The Great Metropolitan Handicap is a flat handicap horse race in Great Britain open to horses aged four years or older. It is run over a distance of 1 mile 4 furlongs and 6 yards at Epsom in April during the Epsom Spring meeting. Inaugurated in 1846 it originally attracted top-class racehorses in the 19th and early 20th century, but today its importance has been eclipsed by larger stakes races with more valuable purses.

Minding (horse) Irish Thoroughbred racehorse

Minding is an Irish Thoroughbred racehorse. She was among the leading two-year-old fillies of her generation in Europe in 2015 when she won three of her five races including the Moyglare Stud Stakes in Ireland and the Fillies' Mile in England. On her first appearance of 2016 the filly posted a decisive victory in the classic 1000 Guineas but was subsequently beaten when favourite for the Irish 1,000 Guineas. She went on to win a second classic in The Oaks in June, the first filly to complete the Guineas-Oaks double since Kazzia in 2002. She went on to take her fifth and sixth Group One races with wins in the Pretty Polly Stakes and the Nassau Stakes. She then defeated male opposition to take the Queen Elizabeth II Stakes. At the end of the year she was named Cartier Horse of the Year and the world's best three-year-old filly. She won on her reappearance in 2017 but subsequently suffered an injury which led to her retirement later that year without racing again.

Together Forever (horse) Thoroughbred racehorse

Together Forever is an Irish Thoroughbred racehorse. After being beaten in her first three races she showed significant progress in the autumn of her two-year-old season winning three races of increasing prestige. She followed up a win in a maiden race with a victory in the Listed Staffordstown Stud Stakes before ending her season by taking the Group One Fillies' Mile. She failed to win as a three-year-old but finished second in the Musidora Stakes and fourth in the Irish Oaks.

Our Lassie British-bred Thoroughbred racehorse

Our Lassie was a British Thoroughbred racehorse and broodmare. She was a very good performer as a juvenile in 1902 when she won the Sandown Produce Stakes and was placed in her other three starts. In the following year she failed in the Lincoln Handicap but the recorded a decisive win in the Oaks Stakes. She failed to win or place in four subsequent races and was retired from racing at the end of 1904. As a broodmare she produced a few winners but had her biggest impact on the future of Thoroughbred racing through her unraced daughter Lady Brilliant.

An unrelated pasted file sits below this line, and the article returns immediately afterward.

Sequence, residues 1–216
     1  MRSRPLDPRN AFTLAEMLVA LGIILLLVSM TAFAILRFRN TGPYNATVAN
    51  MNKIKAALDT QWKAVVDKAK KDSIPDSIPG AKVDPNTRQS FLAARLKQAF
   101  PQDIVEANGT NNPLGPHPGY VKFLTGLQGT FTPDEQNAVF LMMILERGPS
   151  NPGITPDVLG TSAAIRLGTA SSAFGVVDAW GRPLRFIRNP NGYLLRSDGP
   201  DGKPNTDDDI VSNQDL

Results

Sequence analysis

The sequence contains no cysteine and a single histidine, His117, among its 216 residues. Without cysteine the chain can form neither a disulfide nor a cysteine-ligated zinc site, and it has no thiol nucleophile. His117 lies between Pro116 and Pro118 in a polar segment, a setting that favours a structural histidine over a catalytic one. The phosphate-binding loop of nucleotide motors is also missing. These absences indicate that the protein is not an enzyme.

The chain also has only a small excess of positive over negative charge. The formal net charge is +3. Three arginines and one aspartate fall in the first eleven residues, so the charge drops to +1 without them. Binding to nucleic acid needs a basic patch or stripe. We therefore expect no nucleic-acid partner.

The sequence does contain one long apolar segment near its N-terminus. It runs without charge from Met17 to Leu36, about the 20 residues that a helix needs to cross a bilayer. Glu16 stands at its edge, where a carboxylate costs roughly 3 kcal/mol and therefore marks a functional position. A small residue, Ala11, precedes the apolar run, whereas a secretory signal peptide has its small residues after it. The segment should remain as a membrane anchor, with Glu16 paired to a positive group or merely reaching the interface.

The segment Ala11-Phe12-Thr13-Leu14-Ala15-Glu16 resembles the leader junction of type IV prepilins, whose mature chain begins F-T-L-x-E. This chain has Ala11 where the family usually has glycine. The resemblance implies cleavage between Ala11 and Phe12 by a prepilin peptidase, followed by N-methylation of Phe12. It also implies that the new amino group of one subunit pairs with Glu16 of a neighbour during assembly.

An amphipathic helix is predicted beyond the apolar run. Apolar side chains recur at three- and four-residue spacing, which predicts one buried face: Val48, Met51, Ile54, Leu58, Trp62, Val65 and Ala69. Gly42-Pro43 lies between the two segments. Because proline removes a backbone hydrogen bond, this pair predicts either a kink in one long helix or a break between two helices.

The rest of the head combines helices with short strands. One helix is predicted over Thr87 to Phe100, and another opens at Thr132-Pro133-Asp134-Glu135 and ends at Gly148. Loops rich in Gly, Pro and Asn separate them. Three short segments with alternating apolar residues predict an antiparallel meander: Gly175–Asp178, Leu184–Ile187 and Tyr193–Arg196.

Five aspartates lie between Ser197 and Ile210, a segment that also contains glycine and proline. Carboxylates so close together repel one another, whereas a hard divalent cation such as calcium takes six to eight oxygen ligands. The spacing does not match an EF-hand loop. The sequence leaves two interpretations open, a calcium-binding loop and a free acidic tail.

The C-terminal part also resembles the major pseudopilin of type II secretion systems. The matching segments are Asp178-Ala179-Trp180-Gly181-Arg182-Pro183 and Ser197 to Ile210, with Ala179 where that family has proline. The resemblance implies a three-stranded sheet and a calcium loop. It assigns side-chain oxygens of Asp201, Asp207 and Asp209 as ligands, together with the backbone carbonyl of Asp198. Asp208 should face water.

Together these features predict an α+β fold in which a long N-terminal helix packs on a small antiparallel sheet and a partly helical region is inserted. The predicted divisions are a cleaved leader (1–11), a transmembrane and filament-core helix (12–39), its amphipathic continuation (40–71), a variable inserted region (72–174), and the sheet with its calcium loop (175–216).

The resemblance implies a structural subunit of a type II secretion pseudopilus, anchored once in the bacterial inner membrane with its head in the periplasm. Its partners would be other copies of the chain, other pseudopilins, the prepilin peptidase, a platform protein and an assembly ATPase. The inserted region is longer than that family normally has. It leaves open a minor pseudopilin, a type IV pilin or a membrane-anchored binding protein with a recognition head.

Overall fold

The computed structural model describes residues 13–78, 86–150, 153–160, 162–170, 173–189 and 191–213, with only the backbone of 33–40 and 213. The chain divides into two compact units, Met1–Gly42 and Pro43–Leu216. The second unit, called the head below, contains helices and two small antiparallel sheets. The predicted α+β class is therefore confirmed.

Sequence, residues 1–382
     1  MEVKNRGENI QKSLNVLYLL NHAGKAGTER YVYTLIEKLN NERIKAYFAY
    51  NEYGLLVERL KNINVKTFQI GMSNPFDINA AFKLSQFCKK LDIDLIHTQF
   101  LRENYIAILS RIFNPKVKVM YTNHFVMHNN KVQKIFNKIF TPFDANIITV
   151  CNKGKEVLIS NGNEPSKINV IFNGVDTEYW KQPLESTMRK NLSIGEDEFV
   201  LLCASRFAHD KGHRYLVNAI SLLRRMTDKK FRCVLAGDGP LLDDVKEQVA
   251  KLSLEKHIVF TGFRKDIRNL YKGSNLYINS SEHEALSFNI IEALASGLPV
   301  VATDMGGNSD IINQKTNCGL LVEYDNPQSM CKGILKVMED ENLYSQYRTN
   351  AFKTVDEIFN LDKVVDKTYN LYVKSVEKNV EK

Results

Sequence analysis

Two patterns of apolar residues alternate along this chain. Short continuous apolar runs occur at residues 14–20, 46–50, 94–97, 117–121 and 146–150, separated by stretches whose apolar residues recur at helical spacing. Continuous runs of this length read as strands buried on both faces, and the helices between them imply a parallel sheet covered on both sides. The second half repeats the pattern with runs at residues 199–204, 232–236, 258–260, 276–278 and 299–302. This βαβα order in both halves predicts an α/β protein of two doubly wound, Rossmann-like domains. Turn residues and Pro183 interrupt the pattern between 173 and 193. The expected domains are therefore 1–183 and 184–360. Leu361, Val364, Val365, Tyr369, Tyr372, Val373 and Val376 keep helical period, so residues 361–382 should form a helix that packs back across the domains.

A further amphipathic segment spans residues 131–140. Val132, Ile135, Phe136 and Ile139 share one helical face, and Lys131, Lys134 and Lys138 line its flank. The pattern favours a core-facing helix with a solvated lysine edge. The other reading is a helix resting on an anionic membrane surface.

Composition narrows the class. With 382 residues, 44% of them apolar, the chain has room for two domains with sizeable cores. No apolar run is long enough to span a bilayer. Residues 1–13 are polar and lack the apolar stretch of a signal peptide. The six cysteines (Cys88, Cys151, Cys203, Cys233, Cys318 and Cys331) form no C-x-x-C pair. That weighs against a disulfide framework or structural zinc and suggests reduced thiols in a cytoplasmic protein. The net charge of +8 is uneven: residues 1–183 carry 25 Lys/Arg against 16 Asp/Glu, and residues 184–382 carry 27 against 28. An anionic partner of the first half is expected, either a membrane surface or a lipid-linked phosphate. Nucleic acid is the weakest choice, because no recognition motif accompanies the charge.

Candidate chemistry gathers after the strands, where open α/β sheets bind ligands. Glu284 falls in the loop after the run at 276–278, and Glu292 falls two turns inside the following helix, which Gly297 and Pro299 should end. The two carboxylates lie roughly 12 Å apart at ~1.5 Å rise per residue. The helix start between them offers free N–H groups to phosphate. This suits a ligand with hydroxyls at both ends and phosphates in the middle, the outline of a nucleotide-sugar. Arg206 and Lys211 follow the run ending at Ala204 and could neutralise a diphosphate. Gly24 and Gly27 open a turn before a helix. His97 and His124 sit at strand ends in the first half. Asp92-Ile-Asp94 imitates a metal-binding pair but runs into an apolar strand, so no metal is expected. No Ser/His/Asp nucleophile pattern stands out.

Love (horse) Irish Thoroughbred racehorse

Love is an Irish Thoroughbred racehorse. She showed top-class form as a juvenile in 2019 when she won three of her seven races including the Silver Flash Stakes and the Moyglare Stud Stakes as well as running third in the Fillies' Mile. On her first appearance as a three-year-old she won the 1000 Guineas, following up with a facile victory in the Oaks Stakes and a similar win in the Yorkshire Oaks.


  1. Osborne, Alistair (1 June 2012). "Derby draws record crowds as racecourses buck recession". Archived from the original on 15 April 2018. Retrieved 5 April 2018 via www.telegraph.co.uk.
  2. "Julia Budd to succeed Anthony Cane as Chairman of Epsom Downs". The Jockey Club. 21 December 2015. Archived from the original on 8 June 2019. Retrieved 2 October 2019.
  3. "History". Epsom Downs Racecourse. Archived from the original on 25 June 2014. Retrieved 13 June 2014.
  4. Barrett, Norman, ed. (1995). The Daily Telegraph Chronicle of Horse Racing. Enfield, Middlesex: Guinness Publishing. p. 8.
  5. 1 2 3 Holland 1991, p. 10.
  6. "Epsom Downs History". Archived from the original on 25 June 2014. Retrieved 11 March 2012.
  7. Beetham, Margaret (2004). "Beeton, Isabella Mary (1836–1865)" (available online through UK public libraries, also in printed form). Oxford Dictionary of National Biography. Oxford University Press. doi:10.1093/ref:odnb/37172. Archived from the original on 4 March 2016. Retrieved 14 April 2008.
  8. Emily Davison (1872 - 1913) Archived 12 December 2019 at the Wayback Machine BBC History
  9. Vincent Porter, 'The Robert Clark Account', Historical Journal of Film, Radio and Television, Vol 20 No 4, 2000
  10. 'Freak' winds blamed for ripped roof at Epsom Downs racecourse Archived 4 March 2016 at the Wayback Machine The Guardian, 10 January 2012
  11. "Queen's hope to win Derby goes on". BBC News. 4 June 2011. Archived from the original on 23 June 2018. Retrieved 22 June 2018.
  12. "Epsom Downs Course Guide - At The Races". At The Races. Archived from the original on 26 February 2018. Retrieved 26 February 2018.
  13. John Randall (24 December 2005). "Ask the anorak: Raffingora record just one facet of a high-class sprinter". www.thefreelibrary.com. Racing Post. Archived from the original on 26 February 2018. Retrieved 26 February 2018.


Coordinates: 51°18′35″N0°15′20″W / 51.30972°N 0.25556°W / 51.30972; -0.25556